Look up these verses in modern versions, and you'll see how degraded or generic the language is compared to the KJV and how the change of words makes it hard to compare Scripture with Scripture. Once again, the good old-fashioned Authorized Version of the Bible wins and is far ahead or advanced of any modern day science, historian, politician, linguist, or poet.

Its a bit sad to me that words such as "bowel" have changed so much over time that our English Bible becomes a mockery. The 2nd Law of Thermodynamics strikes again.

Thursday, January 29, 2009

Abraham Lincoln's Second Inaugural Address

Abraham Lincoln's Second Inaugural Address is a great read. You can find it at this link --
http://www.bartleby.com/124/pres32.html

I've never heard much about this particular speech, but Lincoln's perspective on why God allows a war like the Civil War is quite amazing. He quotes Matthew 18:7, "Woe unto the world because of offences! for it must needs be that offences come; but woe to that man by whom the offence cometh!".

Carefully read this sentence from his speech, for it clearly gives his beliefs on the war. I find this to be an incredible quote:

If we shall suppose that American slavery is one of those offenses which, in the providence of God, must needs come, but which, having continued through His appointed time, He now wills to remove, and that He gives to both North and South this terrible war as the woe due to those by whom the offense came, shall we discern therein any departure from those divine attributes which the believers in a living God always ascribe to Him?


Abraham Lincoln has a better and greater understanding of God than our current President does today. In spite of all our power and technology and financial or military might, we have become lacking in a basic understanding of who God is and why He does what He does or why He allows problems in this world.

Saturday, January 24, 2009

Billy Graham interview by Robert Schuller

Television interview of Billy Graham by Robert Schuller. Part 1, an approximately 7-minute-long broadcast in Southern California on Saturday, May 31, 1997. The following is an exact transcript* of an excerpt close to the end of this broadcast.

Schuller:
Tell me, what do you think is the future of Christianity?
Graham:
Well, Christianity and being a true believer--you know, I think there's the Body of Christ. This comes from all the Christian groups around the world, or outside the Christian groups. I think everybody that loves Christ, or knows Christ, whether they're conscious of it or not, they're members of the Body of Christ. And I don't think that we're going to see a great sweeping revival, that will turn the whole world to Christ at any time. I think James answered that, the Apostle James in the first council in Jerusalem, when he said that God's purpose for this age is to call out a people for His name. And that's what God is doing today, He's calling people out of the world for His name, whether they come from the Muslim world, or the Buddhist world, or the Christian world or the non-believing world, they are members of the Body of Christ because they've been called by God. They may not even know the name of Jesus but they know in their hearts that they need something that they don't have, and they turn to the only light that they have, and I think that they are saved, and that they're going to be with us in heaven.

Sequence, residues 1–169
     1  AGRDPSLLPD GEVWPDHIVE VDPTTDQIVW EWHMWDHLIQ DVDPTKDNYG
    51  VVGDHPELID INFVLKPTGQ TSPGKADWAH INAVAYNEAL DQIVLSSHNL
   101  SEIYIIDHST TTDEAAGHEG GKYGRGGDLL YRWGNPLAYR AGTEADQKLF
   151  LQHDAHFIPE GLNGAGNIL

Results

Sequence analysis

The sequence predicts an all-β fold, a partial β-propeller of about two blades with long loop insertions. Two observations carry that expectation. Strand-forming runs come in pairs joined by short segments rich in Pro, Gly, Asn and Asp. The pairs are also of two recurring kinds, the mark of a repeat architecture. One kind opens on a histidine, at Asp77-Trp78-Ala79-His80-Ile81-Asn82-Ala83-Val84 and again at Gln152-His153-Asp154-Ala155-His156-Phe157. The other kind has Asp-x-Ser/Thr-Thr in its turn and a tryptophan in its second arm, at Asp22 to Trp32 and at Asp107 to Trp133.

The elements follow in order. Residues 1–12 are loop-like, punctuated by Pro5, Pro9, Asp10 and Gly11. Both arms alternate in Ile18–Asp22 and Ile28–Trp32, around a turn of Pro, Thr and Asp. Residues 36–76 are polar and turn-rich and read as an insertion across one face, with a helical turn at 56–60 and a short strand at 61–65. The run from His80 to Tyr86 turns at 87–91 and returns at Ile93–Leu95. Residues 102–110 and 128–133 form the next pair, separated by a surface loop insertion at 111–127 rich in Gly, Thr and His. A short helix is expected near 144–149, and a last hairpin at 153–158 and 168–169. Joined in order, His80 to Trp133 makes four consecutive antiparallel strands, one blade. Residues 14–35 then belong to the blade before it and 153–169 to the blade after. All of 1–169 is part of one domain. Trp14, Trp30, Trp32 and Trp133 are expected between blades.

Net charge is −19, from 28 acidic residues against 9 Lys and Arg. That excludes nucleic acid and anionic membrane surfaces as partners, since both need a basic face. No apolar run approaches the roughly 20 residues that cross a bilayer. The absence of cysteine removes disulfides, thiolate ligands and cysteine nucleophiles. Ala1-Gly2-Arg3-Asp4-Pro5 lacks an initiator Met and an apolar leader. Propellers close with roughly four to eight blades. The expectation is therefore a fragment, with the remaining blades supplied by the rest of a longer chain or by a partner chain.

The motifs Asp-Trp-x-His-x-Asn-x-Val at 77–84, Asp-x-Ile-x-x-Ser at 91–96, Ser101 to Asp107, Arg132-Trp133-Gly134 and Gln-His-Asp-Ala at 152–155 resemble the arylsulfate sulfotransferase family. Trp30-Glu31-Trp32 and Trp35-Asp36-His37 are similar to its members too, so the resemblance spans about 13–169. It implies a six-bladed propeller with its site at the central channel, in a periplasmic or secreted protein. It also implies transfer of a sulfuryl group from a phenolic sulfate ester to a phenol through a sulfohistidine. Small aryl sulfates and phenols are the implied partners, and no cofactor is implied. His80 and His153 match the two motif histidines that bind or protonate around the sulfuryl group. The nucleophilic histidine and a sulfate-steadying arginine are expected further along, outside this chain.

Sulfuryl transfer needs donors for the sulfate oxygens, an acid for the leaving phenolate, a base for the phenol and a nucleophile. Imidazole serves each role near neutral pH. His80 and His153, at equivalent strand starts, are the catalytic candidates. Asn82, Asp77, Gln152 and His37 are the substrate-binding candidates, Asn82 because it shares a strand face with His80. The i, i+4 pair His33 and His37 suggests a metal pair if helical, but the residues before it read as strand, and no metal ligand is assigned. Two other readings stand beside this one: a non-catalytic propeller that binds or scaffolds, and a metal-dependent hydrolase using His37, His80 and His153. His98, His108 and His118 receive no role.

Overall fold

Schuller:
What, what I hear you saying that it's possible for Jesus Christ to come into human hearts and soul and life, even if they've been born in darkness and have never had exposure to the Bible. Is that a correct interpretation of what you're saying?
Graham:
Yes, it is, because I believe that. I've met people in various parts of the world in tribal situations, that they have never seen a Bible or heard about a Bible, and never heard of Jesus, but they've believed in their hearts that there was a God, and they've tried to live a life that was quite apart from the surrounding community in which they lived.
Schuller:
I'm so thrilled to hear you say this. There's a wideness in God's mercy.
Graham:
There is. There definitely is.

2 Peter 2:1-2
1 ¶ But there were false prophets also among the people, even as there shall be false teachers among you, who privily shall bring in damnable heresies, even denying the Lord that bought them, and bring upon themselves swift destruction.
2 And many shall follow their pernicious ways; by reason of whom the way of truth shall be evil spoken of.